The allure of smooth winding road across scenic hills of tea plantation, the fresh mountain breeze under the bright blue sky, the bowl of hot noodle that matched cool air of high-altitude—those were what stayed in my memory from my first ride to Rancabali Highland, commisioned by Kilomantra Indonesia. It was the memory that resurfaced, when my brother @rizkiardhi_ asked me if it would be okay for me to ride there again with him. “It’ll be my pleasure,” I told him.
“How much difference can a cycling-specific lube make?”
Such was the question that popped into my head when looking for chain lube for Scotty, my trusted 26er rigid MTB—the question that was soon followed by innocent rationale: a lube is a lube, right? After all, motorcycle and sewing machine operate with chain, too; and they do just well with cheap lube. Does it make sense to spend much more for cycling-specific lube?
That was the text from my little brother @rizkiardhi_ in one fine afternoon—the text that eventually led to this road cycling trip to Wayang-Windu, the trip we had been planning for awhile.
Offering the ride across plains tea plantation in Pangalengan highland, Wayang-Windu route was one among few roadie-friendly cycling destination in Bandung. Despite the refreshing view and vibe, it wasn’t as popular as Lembang or Tangkubanparahu Entrance Gate, for a good reason; the distance and the total elevation gain means it requires about 8 hours of total trip time—definitely closer to endurance-type ride than those morning quick getaways. But my brother was looking for a 100+ km with good view, so…
That was the question I asked @therudihartanto, when he told me he was going to Nagrek Pass, a couple of months ago—the question that I actually had to ask myself. Lately, I thought a ride to Nagrek Pass is a bit lacking and should be added with Cijapati Pass to make a larger loop—yet, somehow, I never actually rode it myself.
“What makes a good allroad/gravel cycling bag/pack?”
That was the question @cycling.cub asked me when we set out to collaborate. It was raining that night; we were sitting on a café, talking about what each of us could bring to the table—and what we could offer to the market.
To me, the pack should offer distinct and clear value instead of just another pack of another brand, which competes only through low price and discount. It should be optimized to perform its core functions well, instead of being loaded with list of gimmicks. Based on my personal experience, I came up with five basic principles: practicality, versatility, durability, stability, and—of course—aesthetic.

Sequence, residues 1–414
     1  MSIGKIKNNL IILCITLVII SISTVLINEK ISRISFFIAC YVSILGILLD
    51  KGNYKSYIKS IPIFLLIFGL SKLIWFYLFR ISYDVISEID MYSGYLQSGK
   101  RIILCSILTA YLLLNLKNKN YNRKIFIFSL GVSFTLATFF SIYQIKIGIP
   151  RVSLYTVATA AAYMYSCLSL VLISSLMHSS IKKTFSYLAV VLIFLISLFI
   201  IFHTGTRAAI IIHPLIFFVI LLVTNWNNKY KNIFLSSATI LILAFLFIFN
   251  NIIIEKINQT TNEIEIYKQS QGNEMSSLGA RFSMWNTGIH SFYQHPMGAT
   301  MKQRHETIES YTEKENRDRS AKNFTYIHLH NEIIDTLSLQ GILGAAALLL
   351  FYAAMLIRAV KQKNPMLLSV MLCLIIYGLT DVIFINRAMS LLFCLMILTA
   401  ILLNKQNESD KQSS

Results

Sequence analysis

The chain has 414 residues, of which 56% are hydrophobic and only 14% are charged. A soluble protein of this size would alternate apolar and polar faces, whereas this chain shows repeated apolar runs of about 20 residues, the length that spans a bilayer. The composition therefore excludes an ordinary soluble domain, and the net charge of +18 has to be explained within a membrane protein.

There’s something about humble morning city strolls during Ramadan, that brought me back again and again.
I’ve tried riding on the afternoon, out of my parents’ concern that, with abstinence from food and (especially) drink, morning ride would put me to risk of dehydration. Yet afternoon traffic was a convoluted mess of reckless motorists and pollution-congested air that turned the ride into something more like a fight for survival—the opposite of the kind of experience I was seeking. Heading to nearby hills was an option, but the ride home afterward was the same peace-draining experience.
That was my attitude toward cycling-specific socks for years. Sure, cycling-specific apparels like jersey and padded short improved both on-bike performance and comfort considerably. But a pair of socks? I’ve been using standard cotton socks for years, feeling just fine even on 200+ km rides—until I gave compression socks a try recently. While perhaps not as significant as cycling-specific short and jersey, I must admit, they do make difference—especially on hours of constant, continuous pedalling motion.
It was early morning in the middle of March—a month after my own birthday, and a day after Surely’s own first one. The sky was painted in thick, moody haze; I was riding across southern Bandung’s vast ricefield, and the road seemed to lead nowhere but empty white space. Yet, I knew exactly where I was going.
Chain stretched (wore) unevenly. At 4,750 km, most part of my chain has stretched to 0.5%; about 20% of the chain is still under 0.5% elongation, however, while few sections had gone as far as 0.75%. Checking just a section, therefore, is not enough; I ended up checking every pin, and I’m glad I did.
Such decision didn’t come just out of a whim; it came, instead, from regular inspection of the brake pad wear. As general rule of thumb, for disk brakes, the pad needs replacement once the thickness gets below 1 mm; or, to maximize usage, just when the pad sits flush with the spring.